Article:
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Simple templates plugin for Vim
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Merge pull request #70 from timhughes/patch-1

Change the <title> tag to %CLASS%
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plugin Fixes #60 - Allow substitutions of filepaths
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README.rst Allow users to define custom variables to expand

README.rst

Simple Vim templates plugin

Author: Adrian Perez <aperez@igalia.com>

This is a simple plugin for Vim that will allow you to have a set of templates for certain file types. It is useful to add boilerplate code like guards in C/C++ headers, or license disclaimers.

Installation

The easiest way to install the plugin is to install it as a bundle. For example, using Pathogen:

  1. Get and install pathogen.vim. You can skip this step if you already have it installed.
  2. cd ~/.vim/bundle
  3. git clone git://github.com/aperezdc/vim-template.git

Bundle installs are known to work fine also when using Vundle. Other bundle managers are expected to work as well.

Updating

Manually

In order to update the plugin, go to its bundle directory and use Git to update it:

  1. cd ~/.vim/bundle/vim-template
  2. git pull

With Vundle

Use the :BundleUpdate command provided by Vundle, for example invoking Vim like this:

% vim +BundleUpdate

Configuration

In your vimrc you can put:

  • let g:templates_plugin_loaded = 1 to skip loading of this plugin.
  • let g:templates_no_autocmd = 1 to disable automatic insertion of template in new files.
  • let g:templates_directory = '/path/to/directory' to specify a directory from where to search for additional global templates. See template search order below for more details. This can also be a list of paths.
  • let g:templates_name_prefix = '.vimtemplate.' to change the name of the template files that are searched.
  • let g:templates_global_name_prefix = 'template:' to change the prefix of the templates in the global template directory.
  • let g:templates_debug = 1 to have vim-template output debug information
  • let g:templates_fuzzy_start = 1 to be able to name templates with implicit fuzzy matching at the start of a template name. For example a template file named template:.c would match test.cpp.
  • let g:templates_tr_in = [ '.', '_', '?' ] and let g:templates_tr_out = [ '\.', '.*', '\?' ] would allow you to change how template names are interpretted as regular expressions for matching file names. This might be helpful if hacking on a windows box where * is not allowed in file names. The above configuration, for example, treates underscores _ as the typical regex wildcard .*.
  • let g:templates_no_builtin_templates = 1 to disable usage of the built-in templates. See template search order below for more details.
  • let g:templates_user_variables = [[USERVAR, UserFunc]] to enable user-defined variable expanding. See User-defined variable expanding below for details.

Usage

There are a number of options to use a template:

  • Create a new file giving it a name. The suffix will be used to determine which template to use. E.g:

    $ vim foo.c
    
  • In a buffer, use :Template *.foo to load the template that would be loaded for file matching the pattern *.foo. E.g. from within Vim:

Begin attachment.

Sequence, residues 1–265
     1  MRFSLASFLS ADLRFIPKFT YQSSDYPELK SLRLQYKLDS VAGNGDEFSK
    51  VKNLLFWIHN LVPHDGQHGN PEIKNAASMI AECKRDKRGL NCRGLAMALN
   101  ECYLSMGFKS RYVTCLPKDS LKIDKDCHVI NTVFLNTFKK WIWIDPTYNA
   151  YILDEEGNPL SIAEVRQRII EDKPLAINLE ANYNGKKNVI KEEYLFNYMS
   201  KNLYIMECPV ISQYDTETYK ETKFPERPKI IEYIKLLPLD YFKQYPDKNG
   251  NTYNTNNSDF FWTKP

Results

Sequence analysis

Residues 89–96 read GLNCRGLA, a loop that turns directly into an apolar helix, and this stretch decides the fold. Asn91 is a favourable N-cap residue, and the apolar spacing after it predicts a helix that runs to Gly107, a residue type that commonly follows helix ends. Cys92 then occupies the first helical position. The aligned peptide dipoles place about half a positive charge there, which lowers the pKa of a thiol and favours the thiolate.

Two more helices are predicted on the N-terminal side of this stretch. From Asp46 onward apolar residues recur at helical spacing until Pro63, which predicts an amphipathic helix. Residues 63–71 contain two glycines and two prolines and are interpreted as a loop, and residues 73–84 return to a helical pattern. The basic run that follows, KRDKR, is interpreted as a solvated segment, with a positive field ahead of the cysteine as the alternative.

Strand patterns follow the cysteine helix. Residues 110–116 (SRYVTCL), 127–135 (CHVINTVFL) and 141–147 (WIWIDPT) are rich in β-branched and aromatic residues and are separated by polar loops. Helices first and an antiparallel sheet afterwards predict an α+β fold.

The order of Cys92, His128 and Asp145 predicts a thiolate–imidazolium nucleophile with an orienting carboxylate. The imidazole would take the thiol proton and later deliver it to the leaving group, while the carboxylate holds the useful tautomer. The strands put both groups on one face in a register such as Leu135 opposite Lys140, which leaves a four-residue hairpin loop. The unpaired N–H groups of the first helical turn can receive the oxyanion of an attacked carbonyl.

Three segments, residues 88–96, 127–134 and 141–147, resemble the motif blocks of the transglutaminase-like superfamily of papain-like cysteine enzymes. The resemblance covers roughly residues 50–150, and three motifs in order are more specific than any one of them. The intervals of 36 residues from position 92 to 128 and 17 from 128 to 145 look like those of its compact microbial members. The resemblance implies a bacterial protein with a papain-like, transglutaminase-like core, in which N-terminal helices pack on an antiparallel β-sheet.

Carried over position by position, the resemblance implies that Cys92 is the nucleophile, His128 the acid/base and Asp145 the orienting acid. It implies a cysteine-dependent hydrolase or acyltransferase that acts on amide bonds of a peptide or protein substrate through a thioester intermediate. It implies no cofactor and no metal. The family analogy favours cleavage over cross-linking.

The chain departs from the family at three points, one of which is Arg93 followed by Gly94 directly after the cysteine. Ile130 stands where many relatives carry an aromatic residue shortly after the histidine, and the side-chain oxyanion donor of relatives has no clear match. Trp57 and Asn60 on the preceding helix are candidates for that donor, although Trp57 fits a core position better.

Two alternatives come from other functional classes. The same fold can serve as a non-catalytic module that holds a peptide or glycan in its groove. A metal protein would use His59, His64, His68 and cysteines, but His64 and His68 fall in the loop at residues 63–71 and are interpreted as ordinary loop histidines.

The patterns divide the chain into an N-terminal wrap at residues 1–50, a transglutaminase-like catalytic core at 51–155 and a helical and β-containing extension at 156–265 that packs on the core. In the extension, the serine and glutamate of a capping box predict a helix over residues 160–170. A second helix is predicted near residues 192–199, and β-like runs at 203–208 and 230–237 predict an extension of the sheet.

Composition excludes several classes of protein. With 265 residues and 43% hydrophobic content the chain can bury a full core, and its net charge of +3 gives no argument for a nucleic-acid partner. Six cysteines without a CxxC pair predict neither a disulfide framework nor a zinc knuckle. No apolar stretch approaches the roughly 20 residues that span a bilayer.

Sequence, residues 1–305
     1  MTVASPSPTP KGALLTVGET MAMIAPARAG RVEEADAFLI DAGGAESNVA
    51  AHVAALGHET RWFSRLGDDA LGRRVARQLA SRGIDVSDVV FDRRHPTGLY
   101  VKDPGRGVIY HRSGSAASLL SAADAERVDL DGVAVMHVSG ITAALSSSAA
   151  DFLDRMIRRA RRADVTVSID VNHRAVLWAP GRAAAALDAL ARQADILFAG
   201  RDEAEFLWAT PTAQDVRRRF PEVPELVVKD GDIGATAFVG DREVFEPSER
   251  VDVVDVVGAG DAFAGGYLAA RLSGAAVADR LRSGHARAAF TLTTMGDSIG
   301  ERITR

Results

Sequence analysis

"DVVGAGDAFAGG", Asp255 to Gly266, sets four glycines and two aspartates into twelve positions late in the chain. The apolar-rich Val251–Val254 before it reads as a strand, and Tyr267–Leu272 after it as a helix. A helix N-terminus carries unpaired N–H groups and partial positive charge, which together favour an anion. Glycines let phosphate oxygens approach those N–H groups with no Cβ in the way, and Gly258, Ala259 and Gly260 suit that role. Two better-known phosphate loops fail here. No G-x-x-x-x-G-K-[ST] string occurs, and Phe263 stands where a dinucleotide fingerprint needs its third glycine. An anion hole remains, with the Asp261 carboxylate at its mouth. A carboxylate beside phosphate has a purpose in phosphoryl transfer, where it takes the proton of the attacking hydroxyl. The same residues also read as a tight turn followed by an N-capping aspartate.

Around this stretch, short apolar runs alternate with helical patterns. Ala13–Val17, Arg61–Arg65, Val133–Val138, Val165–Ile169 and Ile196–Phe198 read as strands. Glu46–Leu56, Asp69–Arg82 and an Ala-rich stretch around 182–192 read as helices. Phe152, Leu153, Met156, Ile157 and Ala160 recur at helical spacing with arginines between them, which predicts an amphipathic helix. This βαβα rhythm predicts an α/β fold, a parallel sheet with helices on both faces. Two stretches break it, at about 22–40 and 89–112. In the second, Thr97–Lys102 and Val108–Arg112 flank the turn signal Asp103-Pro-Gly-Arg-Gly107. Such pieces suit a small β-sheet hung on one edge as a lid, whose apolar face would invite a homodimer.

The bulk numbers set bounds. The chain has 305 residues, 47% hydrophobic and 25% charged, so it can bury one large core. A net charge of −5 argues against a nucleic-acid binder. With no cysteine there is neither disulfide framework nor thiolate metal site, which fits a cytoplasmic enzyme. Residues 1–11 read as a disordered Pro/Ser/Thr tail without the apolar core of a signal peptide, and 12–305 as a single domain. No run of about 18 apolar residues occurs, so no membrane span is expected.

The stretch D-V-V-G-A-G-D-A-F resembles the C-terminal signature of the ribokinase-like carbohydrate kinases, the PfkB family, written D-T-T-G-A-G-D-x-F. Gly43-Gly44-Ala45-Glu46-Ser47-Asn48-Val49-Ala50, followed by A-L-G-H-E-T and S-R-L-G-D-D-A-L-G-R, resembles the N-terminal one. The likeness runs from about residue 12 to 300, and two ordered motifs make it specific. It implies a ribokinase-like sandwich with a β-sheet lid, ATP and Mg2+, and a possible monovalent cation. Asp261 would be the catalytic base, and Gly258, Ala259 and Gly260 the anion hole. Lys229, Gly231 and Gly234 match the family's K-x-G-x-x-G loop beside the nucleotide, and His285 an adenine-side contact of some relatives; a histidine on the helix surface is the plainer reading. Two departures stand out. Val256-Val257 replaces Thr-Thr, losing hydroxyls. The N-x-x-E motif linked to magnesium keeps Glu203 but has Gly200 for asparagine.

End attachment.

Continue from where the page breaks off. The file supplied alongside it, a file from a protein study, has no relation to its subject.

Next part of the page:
:Template *.c
    

Template search order

The algorithm to search for templates works like this:

  1. A file named .vim-template:<pattern> in the current directory. If not found, goto (2). If there are multiple template files that match a given suffix in the same directory, the one that is most specific is used.
  2. Go up a directory and goto (1), if not possible, goto (3).
  3. Try to use the =template=<pattern> file from the directory specified using the g:templates_directory option (only if the option is defined and the directory exists).
  1. Try to use the =template=<pattern> file supplied with the plugin (only if g:templates_no_builtin_templates was not defined).

Variables in templates

The following variables will be expanded in templates:

%DAY%, %YEAR%, %MONTH%
Numerical day of the month, year and month.
%DATE%
Date in YYYY-mm-dd format
%TIME%
Time in HH:MM format
%FDATE%
Full date (date + time), in YYYY-mm-dd HH:MM format.
%FILE%
File name, without extension.
%FFILE%
File name, with extension.
%EXT%
File extension.
%MAIL%
Current user's e-mail address. May be overriden by defining g:email.
%USER%
Current logged-in user name. May be overriden by defining g:username.
%HOST%
Host name.
%GUARD%
A string with alphanumeric characters and underscores, suitable for use in proprocessor guards for C/C++/Objective-C header files.
%CLASS%
File name, without extension, and the first character of every word is capital
%MACROCLASS%
File name, without extension, and all characters are capitals.
%CAMELCLASS%
File name, without extension, the first character of every word is capital, and all underscores are removed.
%HERE%
Expands to nothing, but ensures that the cursor will be placed in its position after expanding the template.

User-defined variable expanding

You can set g:templates_user_variables to expand custom variables. It should be something like [['USERVAR1', 'UserFunc1'], ['USERVAR2', 'UserFunc2']], where USERVAR1 is the variable to be expanded and UserFunc1 is the name of the function that returns the result. The function should take no arguments and return the string after expansion.

Example::

let g:templates_user_variables = [['FULLPATH', 'GetFullPath']]
function GetFullPath()
    return expand('%:p')
endfunction

And each occurrence of %FULLPATH% in template will be replaced with the full path of current file.

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